2010 Census

2012 ACS 1-yr

1 San Francisco city, CA

107,524 (13.4%)


2 Seattle city, WA

93,513 (15.4%)


3 Pittsburgh city, PA

49,799 (16.3%)


4 Washington City, DC

100,815 (16.8%)


5 Boston city, MA

103,710 (16.8%)


6 Urban Honolulu CDP, HI

58,727 (17.4%)


7 Miami city, FL

73,446 (18.4%)


8 Portland city, OR

111,523 (19.1%)


9 Atlanta city, GA

81,410 (19.4%)


10 Minneapolis city, MN

77,204 (20.2%)


Source: U.S. Census Bureau American Community Survey (ACS)

Second, it’s true that two data points do not a trend make, so let’s investigate why this percentage of children is increasing in these cities and estimate if it will continue.  I use Washington, DC as an example.  In DC’s case, between 2000 and 2010 it was one of the top cities for attracting recent college graduates due to the combination of growing tech and federal job opportunities.  This is probably true for other cities where tech, finance and other industries were growing.  Well it’s only natural that these young professionals who migrated as singles met, hooked up and guess what happened next.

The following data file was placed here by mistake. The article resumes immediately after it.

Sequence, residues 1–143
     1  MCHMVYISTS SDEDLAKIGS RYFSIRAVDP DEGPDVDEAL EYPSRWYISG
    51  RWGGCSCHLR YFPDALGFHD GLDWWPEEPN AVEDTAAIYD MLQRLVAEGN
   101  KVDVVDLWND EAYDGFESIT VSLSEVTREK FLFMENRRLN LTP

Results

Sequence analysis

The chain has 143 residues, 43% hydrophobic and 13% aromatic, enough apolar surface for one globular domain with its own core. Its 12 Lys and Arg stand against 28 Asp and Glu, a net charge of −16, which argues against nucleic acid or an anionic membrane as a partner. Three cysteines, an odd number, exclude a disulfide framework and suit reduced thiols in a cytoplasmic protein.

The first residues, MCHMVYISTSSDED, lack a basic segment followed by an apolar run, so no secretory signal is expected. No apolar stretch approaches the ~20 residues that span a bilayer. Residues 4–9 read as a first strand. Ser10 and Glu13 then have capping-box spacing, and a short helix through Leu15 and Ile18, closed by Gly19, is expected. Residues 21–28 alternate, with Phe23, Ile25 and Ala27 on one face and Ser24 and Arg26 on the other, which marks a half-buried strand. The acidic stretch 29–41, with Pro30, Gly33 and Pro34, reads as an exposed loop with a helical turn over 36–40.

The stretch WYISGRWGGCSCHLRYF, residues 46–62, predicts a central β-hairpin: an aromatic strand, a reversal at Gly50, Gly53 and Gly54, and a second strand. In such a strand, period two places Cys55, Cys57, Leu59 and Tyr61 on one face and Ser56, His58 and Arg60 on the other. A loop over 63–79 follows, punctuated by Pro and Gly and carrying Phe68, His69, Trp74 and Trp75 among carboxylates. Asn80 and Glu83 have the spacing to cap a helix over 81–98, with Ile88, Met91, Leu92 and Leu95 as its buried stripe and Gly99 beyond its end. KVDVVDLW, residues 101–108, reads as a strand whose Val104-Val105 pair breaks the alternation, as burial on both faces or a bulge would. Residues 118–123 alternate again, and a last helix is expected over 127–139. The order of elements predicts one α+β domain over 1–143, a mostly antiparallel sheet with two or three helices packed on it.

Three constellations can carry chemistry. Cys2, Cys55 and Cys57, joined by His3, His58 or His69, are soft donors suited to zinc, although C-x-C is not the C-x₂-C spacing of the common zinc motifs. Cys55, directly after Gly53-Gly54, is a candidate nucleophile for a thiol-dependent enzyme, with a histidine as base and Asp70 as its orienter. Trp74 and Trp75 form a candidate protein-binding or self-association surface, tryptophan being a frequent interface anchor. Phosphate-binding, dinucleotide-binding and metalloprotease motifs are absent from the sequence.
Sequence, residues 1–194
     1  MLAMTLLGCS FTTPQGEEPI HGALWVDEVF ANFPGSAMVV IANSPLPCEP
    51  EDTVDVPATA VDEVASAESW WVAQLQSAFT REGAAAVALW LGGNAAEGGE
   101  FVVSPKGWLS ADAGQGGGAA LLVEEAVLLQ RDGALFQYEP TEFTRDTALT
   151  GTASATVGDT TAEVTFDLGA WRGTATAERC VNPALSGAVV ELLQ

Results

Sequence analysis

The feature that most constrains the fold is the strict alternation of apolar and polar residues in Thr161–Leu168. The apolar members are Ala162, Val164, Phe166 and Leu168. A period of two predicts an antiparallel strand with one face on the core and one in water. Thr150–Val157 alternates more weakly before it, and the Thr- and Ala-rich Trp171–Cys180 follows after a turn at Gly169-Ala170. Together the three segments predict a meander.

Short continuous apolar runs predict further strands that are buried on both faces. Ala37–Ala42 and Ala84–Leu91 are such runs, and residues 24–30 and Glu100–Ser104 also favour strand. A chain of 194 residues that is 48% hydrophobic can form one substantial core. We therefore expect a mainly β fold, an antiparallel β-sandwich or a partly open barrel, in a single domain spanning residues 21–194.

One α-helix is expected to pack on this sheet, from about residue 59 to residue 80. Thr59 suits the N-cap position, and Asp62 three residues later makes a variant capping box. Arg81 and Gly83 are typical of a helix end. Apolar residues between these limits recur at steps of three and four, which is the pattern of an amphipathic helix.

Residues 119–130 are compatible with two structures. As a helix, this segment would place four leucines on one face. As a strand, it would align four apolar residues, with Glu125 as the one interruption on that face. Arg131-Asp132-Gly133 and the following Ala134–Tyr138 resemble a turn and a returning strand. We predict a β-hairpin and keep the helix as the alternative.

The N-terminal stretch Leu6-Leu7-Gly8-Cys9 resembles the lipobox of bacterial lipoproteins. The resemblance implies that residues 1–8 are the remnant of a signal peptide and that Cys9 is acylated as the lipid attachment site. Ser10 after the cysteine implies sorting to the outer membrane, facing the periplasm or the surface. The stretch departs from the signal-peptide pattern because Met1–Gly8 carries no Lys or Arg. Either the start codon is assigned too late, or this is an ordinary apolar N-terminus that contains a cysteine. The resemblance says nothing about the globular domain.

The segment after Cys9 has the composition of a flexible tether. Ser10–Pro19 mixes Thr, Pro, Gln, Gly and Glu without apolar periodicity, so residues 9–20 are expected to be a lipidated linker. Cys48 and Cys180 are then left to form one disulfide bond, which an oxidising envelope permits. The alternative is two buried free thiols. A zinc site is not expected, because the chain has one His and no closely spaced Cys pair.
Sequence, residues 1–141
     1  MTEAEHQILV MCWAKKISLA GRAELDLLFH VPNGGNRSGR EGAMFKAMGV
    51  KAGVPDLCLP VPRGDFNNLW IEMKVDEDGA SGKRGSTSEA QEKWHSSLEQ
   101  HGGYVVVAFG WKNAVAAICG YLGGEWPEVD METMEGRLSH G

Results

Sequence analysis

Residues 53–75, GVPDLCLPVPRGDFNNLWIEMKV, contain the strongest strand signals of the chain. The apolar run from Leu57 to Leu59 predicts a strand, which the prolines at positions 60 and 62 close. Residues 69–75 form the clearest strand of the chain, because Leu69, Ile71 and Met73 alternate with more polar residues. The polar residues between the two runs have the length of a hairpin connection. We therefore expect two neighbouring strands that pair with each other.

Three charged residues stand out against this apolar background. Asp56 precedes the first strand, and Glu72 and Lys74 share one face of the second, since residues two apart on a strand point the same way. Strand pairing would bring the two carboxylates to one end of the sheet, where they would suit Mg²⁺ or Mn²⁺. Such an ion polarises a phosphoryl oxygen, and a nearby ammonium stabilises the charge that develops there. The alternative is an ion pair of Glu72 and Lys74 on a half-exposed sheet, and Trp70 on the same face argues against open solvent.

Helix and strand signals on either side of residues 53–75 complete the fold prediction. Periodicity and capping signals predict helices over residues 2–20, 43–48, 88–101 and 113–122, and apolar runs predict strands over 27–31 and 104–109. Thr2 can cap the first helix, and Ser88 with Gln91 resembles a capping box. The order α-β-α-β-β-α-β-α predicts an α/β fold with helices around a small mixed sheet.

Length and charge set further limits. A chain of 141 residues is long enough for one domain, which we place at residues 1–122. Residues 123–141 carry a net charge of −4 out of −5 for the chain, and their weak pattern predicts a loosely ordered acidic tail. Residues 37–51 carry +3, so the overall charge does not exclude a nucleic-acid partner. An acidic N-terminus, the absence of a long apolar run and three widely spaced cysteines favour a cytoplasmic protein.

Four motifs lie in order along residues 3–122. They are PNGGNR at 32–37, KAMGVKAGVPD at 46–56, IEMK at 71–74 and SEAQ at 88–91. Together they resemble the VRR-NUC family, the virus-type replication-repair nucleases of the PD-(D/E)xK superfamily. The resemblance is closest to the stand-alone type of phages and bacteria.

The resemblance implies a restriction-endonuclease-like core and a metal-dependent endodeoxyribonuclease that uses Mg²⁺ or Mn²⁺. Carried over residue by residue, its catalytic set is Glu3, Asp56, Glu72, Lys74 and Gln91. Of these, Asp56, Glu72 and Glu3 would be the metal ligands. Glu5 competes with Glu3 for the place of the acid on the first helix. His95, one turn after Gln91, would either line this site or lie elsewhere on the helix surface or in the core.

What has changed in this age old story?  In the past, those new young families moved to the suburbs largely because of the poorly performing urban schools.  In the case of the District of Columbia, Boston and a few other cities, what may be responsible for reversing this trend is the move toward universal free public pre-school for three and four year olds.  Not only does this save young professional families upwards of $20,000 per year per kid in daycare costs, it introduces them to the public/charter school system, which helps to change their perception of the schools.  This has created a wave of middle-class children diversifying the public schools while their parents have networked and brought their collective political clout to improve the schools even further.